Average retail wage exceeds living wage by $3 an hour
SUNGMI KIM / Stuff
The average hourly wage is $26.65 for retail employees, which is $3 above living wage.
The average hourly wage for a retail worker is now $26.65, above the minimum wage and living wage, according to Retail NZ.
According to the latest Retail NZ Wages Guide, the average hourly wage in retail has increased by 6.4% this year.
The minimum wage is $21.20 an hour and the living wage is $23.65.
Auckland retailers were paying the highest rates at $27.94 an hour on average, up 7.5% from a year ago.
Retail NZ managing director Greg Harford said that in addition to high salaries, 90% of retailers offer additional benefits to their staff, such as flexible working hours, discounts, additional training, additional holidays and incentives.
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“The wage rates and benefits offered to those working in the retail industry reflect a high performing industry that ensures its employees are valued and well paid.
“The rates show the diversity of the industry with rate variation depending on regional location and size of operations.”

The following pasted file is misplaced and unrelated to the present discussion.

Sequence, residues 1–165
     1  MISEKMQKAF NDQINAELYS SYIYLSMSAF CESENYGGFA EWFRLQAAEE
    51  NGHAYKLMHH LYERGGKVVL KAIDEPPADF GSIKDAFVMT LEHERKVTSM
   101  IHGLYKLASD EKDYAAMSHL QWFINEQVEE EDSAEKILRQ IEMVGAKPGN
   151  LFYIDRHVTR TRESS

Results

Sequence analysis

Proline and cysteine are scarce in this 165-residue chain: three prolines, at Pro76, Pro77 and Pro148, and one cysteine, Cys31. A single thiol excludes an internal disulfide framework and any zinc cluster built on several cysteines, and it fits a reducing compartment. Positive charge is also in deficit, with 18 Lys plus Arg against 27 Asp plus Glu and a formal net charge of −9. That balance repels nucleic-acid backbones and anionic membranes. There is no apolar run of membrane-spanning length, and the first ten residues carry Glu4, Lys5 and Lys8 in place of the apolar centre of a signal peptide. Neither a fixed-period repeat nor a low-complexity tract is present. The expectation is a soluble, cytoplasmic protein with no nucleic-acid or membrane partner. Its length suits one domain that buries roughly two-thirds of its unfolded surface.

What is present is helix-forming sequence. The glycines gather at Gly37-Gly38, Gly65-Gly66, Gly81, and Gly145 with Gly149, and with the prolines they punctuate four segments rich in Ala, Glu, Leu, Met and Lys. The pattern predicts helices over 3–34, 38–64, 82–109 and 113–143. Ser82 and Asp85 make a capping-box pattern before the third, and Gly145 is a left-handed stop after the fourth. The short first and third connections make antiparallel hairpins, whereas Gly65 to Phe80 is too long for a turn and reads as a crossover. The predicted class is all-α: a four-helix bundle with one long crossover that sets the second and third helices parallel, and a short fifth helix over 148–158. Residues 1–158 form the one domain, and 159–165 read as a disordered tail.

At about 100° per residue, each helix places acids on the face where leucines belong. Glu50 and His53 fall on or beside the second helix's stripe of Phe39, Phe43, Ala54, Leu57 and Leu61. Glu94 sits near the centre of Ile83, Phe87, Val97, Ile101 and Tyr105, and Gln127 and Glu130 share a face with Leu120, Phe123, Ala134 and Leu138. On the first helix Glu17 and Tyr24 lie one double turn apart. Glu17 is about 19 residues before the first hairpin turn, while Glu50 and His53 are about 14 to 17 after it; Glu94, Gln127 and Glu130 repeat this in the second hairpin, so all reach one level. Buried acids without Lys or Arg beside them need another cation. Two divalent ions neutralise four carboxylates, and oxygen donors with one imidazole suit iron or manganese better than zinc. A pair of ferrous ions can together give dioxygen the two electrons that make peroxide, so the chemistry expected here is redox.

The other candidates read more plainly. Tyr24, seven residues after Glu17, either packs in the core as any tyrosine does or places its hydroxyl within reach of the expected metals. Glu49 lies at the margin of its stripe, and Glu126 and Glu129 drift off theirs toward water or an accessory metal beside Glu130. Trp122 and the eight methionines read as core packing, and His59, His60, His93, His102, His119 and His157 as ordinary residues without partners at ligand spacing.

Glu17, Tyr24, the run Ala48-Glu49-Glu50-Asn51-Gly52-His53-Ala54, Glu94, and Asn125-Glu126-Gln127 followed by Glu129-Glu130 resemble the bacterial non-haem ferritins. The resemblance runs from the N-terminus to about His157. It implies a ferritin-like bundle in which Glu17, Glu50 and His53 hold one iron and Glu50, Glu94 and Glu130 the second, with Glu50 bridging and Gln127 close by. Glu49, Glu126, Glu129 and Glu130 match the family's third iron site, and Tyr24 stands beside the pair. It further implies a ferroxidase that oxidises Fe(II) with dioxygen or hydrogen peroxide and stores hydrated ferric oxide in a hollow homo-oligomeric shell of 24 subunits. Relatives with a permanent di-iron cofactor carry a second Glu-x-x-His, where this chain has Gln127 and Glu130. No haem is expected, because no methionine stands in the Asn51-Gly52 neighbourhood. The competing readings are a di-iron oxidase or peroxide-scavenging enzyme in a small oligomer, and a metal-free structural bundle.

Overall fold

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Harford appeared before the Education and Labor Select Committee on Wednesday to present a brief against the Fair Pay Agreements Bill.
The bill would provide a collective bargaining framework for fair wage deals across entire industries or professions, rather than just between unions and individual employers.
Harford told the committee the bill was “bad law based on a faulty premise and should not go forward.”
He said there might be some businesses where workers weren’t being paid properly, but the government had put measures in place to deal with that, and it wasn’t true to say that it happened. applied to the whole economy.
“If there are issues with particular sectors or particular employers, we believe the government should use its existing levers, including the minimum wage if necessary.”
He said the approach was impractical and would lead to complicated negotiations.
“All he’s going to do, in my opinion, is enrich the lawyers.
“It’s just not fair to have a sectoral approach that applies to everyone.”
Harford suggested the bill would result in consumers paying more for goods and services, worsening the cost of living crisis.
Opportunities for employees would also be reduced, such as stores having to close earlier, leading to less part-time work, he said.